So far it was a fine sunny day, but as the weather can change rapidly here we decided to row ashore immediately to take Roger’s ashes up into Loch Coruisk.

In typical Skye fashion we had not walked far when squally rain showers started to blow in ensuring that his ashes were well and truly scattered.

Much of the walking in the Cuillin is very rough but one of the best views of the whole range can be had from making the relatively short and easy ascent from the anchorage to the summit of Sgurr na Stri.

This we did the next day.

Onwards around Skye

By now, we were a week into our voyage; the weather was looking good for heading further north and perhaps even completing a circumnavigation of Skye.

An overnight stop on the pontoons in Mallaig harbour was made both to provision and give the domestic battery a good overnight boost on shore power.

Then we were heading north again, catching the tide through Kyle Rhea and out under the Skye Bridge into the more open waters of the Inner Sound.

In a good southerly breeze we sped along navigating up the east side of Scalpay and, looking for a suitable anchorage for the night, headed into Loch Sligachan.

Predictably, the wind was funnelling strongly out of this steep sided loch, but it was quite reasonably sheltered at its head where we anchored.

We were now looking directly at the Cuillin mountains again, but from the other side, and had a fine view of the northern part of the ridge.

Skye is the largest and northernmost of the Inner Hebridean islands and its deeply indented nature gives it 400 miles of scenic coastline.

South Ascrib

South Ascrib can only be visited in settled weather. Credit: Peter Davies

Heading on up the wide Sound of Raasay we were now passing one of the dramatic landmarks on this part of Skye, a rock pinnacle known as The Old Man of Storr.

We briefly called in at the beautifully sheltered anchorage of Acairseid Mhòr on the island of South Rona.

On previous visits there had been good shore facilities here including a shop selling excellent venison products, but this time everything was closed for the season, so we sailed on to the next suitable anchorage at Staffin Bay.

This gave us the ideal opportunity to explore the Quiraing the next morning.

The Quiraing is a fascinating landslip feature on the eastern face of the most northern summit of the Trotternish peninsula, and the walk up to it starts right from Staffin village.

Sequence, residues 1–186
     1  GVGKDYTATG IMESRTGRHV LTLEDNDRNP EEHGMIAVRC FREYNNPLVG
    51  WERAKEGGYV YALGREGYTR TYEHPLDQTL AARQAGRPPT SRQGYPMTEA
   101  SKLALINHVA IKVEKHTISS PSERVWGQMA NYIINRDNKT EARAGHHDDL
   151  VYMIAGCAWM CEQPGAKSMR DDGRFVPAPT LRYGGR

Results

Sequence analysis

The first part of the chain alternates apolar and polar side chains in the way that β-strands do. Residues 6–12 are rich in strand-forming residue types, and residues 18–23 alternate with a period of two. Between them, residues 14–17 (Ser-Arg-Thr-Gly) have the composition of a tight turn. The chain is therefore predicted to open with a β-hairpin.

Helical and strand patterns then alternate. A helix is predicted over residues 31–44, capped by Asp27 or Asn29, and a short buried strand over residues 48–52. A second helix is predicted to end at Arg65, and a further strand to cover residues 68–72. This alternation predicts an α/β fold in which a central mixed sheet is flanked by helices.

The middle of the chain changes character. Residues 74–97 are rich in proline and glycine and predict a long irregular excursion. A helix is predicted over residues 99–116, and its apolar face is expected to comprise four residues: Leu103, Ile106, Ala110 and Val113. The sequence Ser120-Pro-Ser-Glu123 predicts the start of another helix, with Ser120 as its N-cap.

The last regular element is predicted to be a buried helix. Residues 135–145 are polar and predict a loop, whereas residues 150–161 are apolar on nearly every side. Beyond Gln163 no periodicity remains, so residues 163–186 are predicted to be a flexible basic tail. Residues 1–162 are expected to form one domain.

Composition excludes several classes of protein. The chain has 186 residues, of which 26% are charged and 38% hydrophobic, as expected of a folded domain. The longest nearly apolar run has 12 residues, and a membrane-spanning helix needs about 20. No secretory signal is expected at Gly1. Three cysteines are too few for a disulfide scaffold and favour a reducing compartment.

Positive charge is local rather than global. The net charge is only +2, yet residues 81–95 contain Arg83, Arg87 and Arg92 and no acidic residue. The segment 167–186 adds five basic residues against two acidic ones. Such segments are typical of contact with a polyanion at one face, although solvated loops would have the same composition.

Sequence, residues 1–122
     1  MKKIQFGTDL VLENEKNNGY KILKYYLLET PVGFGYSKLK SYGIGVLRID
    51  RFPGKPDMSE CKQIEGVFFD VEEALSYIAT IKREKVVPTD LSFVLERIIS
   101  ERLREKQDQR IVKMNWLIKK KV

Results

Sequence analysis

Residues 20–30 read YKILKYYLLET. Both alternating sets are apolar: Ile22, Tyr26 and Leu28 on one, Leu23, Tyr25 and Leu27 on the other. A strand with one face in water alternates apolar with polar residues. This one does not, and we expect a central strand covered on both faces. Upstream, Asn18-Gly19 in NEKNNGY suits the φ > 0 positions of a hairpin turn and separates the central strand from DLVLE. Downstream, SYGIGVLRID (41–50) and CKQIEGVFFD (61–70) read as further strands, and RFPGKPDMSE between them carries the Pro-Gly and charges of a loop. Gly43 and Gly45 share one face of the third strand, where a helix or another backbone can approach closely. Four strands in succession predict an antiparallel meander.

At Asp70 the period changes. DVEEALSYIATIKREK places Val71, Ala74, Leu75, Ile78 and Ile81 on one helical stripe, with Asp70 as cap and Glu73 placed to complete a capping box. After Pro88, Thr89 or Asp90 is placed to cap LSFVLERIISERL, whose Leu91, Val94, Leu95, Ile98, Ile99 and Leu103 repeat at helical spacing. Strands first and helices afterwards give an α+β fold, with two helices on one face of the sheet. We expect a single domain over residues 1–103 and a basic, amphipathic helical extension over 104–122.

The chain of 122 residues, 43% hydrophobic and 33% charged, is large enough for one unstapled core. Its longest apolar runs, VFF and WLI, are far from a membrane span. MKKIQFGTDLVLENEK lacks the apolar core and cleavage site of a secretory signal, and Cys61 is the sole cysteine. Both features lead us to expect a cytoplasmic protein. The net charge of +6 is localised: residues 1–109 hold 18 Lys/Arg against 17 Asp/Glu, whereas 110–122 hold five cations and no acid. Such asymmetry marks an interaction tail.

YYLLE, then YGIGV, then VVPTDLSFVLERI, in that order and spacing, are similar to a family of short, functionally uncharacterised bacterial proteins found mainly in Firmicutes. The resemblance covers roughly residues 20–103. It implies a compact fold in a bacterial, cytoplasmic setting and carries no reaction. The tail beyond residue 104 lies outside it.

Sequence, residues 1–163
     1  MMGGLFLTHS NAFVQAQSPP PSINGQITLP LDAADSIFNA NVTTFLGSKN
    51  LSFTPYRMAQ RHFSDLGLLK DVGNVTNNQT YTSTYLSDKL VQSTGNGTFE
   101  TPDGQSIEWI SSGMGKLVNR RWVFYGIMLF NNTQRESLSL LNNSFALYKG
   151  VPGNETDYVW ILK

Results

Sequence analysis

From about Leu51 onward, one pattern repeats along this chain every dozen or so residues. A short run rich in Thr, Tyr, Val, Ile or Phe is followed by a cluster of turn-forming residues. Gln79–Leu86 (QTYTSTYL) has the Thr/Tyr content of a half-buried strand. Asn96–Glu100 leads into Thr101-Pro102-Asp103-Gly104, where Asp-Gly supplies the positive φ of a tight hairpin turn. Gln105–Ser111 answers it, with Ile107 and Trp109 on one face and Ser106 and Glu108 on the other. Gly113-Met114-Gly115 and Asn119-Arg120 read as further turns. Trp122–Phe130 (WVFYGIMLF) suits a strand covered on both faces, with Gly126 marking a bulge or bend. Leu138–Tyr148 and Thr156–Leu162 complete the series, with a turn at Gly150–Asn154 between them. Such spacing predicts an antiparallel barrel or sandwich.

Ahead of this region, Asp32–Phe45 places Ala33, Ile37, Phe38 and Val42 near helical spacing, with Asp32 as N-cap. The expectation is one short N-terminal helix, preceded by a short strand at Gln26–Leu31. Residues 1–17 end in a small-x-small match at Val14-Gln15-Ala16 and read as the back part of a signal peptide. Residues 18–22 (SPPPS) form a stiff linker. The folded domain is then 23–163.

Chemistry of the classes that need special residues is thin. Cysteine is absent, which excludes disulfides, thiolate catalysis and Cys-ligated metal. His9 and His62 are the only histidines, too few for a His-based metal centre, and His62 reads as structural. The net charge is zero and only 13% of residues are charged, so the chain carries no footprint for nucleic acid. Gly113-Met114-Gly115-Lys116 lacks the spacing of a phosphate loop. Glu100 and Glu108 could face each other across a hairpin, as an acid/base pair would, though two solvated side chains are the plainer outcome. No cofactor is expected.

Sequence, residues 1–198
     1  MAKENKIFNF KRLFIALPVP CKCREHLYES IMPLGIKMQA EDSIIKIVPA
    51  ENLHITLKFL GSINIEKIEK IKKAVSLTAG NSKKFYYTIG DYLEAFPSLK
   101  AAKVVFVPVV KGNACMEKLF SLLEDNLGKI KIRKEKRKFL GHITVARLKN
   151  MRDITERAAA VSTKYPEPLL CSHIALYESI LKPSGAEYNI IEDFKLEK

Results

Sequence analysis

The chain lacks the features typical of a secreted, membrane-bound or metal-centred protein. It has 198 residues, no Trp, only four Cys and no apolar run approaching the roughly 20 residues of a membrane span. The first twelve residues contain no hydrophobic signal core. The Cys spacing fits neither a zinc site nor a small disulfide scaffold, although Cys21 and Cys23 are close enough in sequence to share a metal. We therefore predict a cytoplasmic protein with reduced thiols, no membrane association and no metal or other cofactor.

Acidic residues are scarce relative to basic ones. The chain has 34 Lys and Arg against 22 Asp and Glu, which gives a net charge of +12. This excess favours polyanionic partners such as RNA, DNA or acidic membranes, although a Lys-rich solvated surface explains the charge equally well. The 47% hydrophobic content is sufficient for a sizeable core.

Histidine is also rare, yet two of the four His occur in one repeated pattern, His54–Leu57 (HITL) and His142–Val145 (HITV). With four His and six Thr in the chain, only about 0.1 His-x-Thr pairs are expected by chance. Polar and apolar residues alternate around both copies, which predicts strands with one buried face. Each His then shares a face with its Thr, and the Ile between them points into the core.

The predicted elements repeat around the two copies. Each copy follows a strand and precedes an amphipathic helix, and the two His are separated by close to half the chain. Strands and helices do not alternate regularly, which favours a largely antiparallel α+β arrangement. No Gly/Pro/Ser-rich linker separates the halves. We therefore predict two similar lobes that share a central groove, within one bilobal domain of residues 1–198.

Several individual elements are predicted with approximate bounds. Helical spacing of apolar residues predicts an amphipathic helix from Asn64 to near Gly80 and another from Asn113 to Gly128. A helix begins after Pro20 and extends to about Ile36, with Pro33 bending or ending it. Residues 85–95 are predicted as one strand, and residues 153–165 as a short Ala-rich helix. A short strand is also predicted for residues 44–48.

You certainly need a bit of a head for heights to explore all around the various pinnacles which can only be accessed by steep paths.

We continued to head up the Skye coast, motoring into a bit of wind and tide as we turned west to pass south of Eilean Trodday and around the point of Rubha Hunish to reach the anchorage at Duntulm Bay.

Here we anchored behind a long island which effectively sheltered the bay from the west and spent a pleasant night.

Ahead of us, and separating the two long northwest-pointing arms of the Trotternish and Waternish Peninsulas of Skye, lay the six-mile wide mouth of Loch Snizort.

Just inside this and towards the west side is a small group of islands, the Ascribs, which can only be landed upon in settled weather.

Loch Scavaig, the Cuillin mountains and Loch Coruisk

Loch Scavaig provides total shelter from the sea; the best anchorage can be found in the bight north-west of Eileen Reamhar on the west side. Credit: Howard Steen

With the aid of Antares charts, we crept into the narrow channel that led to a pleasant anchorage beside a large house on South Ascrib, the largest of the seven islands.

Bought in 1985 by Baron Palumbo, the island is now designated a Special Area of Conservation, with a large part of Skye’s common seal population breeding there.

We did not see many seals but the air was thick with Arctic terns.

We were fascinated by these islands but puzzled as to why Baron Palumbo might want to build a house here, particularly as there was no obvious water source.

Equally strange was the bronze statue of a dog standing guard over the boarded-up house.